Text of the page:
From chilled-out bars to wild beach parties to dance clubs featuring world-class DJs in the capital city of San Jose, Costa Rica's nightlife offers a variety of experiences.
How to Party in Costa Rica
When to Go Out
Most people go out on Fridays and Saturdays, but there are exceptions when the club or bar hosts special events like a discount night, happy hour, or, especially popular, a ladies' night. Costa Ricans love to party!
For example, on Monday nights in San Jose, Cuartel de la Boca del Monte is a popular spot with a large dance floor just off the main street. It's the perfect place for good times listening to electronic music from the best DJs.
Ladies' nights are always popular because ladies get in for free and receive complimentary drinks.
Monday night at the popular club Casino Fiesta in Alajuela and Wednesday night at the Backyard Bar in Playa Hermosa are always packed with partygoers and have a great atmosphere.
Times vary. Some bars and clubs offer discounted drinks and entrance fees for showing up before 9 p.m., but the crowd usually doesn't come out in full until 10 p.m. or 11 p.m.
Closing time varies a lot, too. Some places close around midnight, while others stay open until the wee hours: 2 a.m., 4 a.m., or rarely until dawn.
What to Wear
In Costa Rica, the climate of the city you are in and the type of bar or club you are going to will dictate your nightly attire.
In the hot and humid coastal towns, tourists relax at the beach bars in flip-flops, tank tops, shorts, or even bathing suits from their day on Costa Rica's beautiful beaches.
San Jose and most of the Central Valley get colder at night, so you will want to wear more clothes.
Plus, the atmosphere of the bar and clubs is more sophisticated, leading to more formal clothes than flip flops and bathing suits.
To fit in with the party scene in any town, you'll want to dress sharper with a nice top or dress, jeans or a skirt, and shoes or high heels.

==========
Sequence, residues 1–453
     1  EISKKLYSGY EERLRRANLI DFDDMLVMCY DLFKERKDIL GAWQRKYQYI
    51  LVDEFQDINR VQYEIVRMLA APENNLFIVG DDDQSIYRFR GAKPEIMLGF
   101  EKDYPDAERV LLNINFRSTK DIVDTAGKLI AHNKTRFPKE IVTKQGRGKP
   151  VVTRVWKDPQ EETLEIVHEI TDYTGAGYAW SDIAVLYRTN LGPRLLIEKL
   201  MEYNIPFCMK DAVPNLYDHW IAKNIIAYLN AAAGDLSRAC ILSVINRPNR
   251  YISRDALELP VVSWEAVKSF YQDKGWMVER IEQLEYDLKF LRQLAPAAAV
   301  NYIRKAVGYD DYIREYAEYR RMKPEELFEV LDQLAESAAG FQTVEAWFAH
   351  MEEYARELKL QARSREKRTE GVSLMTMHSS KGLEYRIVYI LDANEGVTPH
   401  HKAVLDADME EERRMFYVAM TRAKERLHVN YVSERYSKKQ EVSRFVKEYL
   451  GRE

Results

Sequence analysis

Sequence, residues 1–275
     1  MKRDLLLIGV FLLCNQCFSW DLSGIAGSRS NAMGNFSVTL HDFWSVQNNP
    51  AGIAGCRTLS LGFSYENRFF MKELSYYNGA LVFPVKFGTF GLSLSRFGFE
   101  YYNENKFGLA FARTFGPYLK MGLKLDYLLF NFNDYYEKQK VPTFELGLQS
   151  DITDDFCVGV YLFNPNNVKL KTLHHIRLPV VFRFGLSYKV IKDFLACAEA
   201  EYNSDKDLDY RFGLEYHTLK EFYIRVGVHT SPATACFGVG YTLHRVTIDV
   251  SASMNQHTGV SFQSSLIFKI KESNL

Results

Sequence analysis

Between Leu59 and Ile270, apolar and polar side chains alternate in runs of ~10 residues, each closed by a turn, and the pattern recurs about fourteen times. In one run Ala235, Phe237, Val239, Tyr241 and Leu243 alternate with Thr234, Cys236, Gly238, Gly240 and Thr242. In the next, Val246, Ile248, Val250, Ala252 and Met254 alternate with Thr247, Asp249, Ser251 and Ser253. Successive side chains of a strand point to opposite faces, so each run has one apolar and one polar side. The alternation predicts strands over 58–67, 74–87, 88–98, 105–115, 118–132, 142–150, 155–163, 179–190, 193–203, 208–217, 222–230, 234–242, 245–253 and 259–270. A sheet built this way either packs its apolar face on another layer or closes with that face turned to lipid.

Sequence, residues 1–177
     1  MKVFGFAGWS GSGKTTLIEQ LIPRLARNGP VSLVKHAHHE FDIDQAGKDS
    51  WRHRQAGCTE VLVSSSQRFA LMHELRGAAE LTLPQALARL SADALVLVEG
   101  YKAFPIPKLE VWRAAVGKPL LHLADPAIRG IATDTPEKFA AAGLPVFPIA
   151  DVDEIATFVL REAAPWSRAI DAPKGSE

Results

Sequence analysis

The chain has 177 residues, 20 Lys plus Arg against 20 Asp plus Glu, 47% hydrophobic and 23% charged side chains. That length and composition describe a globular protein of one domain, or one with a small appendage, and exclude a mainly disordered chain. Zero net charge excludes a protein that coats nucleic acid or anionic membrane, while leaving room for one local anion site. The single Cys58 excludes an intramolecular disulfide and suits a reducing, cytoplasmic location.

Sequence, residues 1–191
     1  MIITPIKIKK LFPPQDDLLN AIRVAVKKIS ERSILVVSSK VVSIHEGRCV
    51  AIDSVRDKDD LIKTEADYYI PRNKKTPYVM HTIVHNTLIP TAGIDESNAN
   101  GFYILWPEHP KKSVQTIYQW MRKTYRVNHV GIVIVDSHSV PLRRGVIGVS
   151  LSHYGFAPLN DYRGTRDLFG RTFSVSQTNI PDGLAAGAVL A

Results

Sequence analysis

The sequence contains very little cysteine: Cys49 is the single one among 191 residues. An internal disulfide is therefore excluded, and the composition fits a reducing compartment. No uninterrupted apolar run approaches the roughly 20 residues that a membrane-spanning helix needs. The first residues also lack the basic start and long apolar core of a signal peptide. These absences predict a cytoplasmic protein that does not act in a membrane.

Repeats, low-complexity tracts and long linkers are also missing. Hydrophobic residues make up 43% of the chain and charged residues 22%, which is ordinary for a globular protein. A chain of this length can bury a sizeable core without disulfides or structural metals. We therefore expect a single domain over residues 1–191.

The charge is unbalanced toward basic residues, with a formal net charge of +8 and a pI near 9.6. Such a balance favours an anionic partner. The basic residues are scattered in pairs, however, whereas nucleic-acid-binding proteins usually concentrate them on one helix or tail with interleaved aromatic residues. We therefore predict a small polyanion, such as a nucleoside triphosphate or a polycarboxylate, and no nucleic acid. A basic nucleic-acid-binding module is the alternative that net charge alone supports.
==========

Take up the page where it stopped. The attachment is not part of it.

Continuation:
Some clubs have a dress code: usually no hats, no shorts, no tank tops (for men), no pants with holes, and no tennis shoes. This is mainly in San Jose, where you will find the most upscale bars and clubs.
Costa Ricans mainly go out with groups of friends. The exception is ladies' night, when many people go out independently. The other exception is when Ticos go out with their families to Fiestas Patronales.
Fiestas Patronales are festival-like celebrations of a particular Saint Day in a small town. They're unique to nightlife in Costa Rica and a popular nightlife experience in their own right.
Costa Ricans dress in their cowboy best and go to these festivals with their families, where they enjoy a tope (horse parade) during the day and toros (Costa Rica's bull-friendly version of bullfighting), great food, cold beer, games, rides, and a variety of live music (particularly Latin music) and dancing at night.
All you need is a few drinks and a plate of good food, and you're sure to have a great time. Fiestas Patronales are a great way to see the center of a town and at its liveliest, with live bands and great music.
Club vs. Nightclub
Local Tip: Understanding the difference between clubs and nightclubs in Costa Rica is essential.
Club = dance club.
Nightclub = strip club.
When I first moved to Costa Rica, I would ask about the good nightclubs in town and get a hearty laugh from the locals.
It's easy for Costa Ricans to assume a girl is mixing up the lingo as there are no male strip clubs in Costa Rica, and a girl seeking to go to a nightclub usually only goes with her boyfriend, so there is no need to ask around.
However, a male tourist asking where the best nightclub is will be immediately pointed towards the strip club, no questions asked.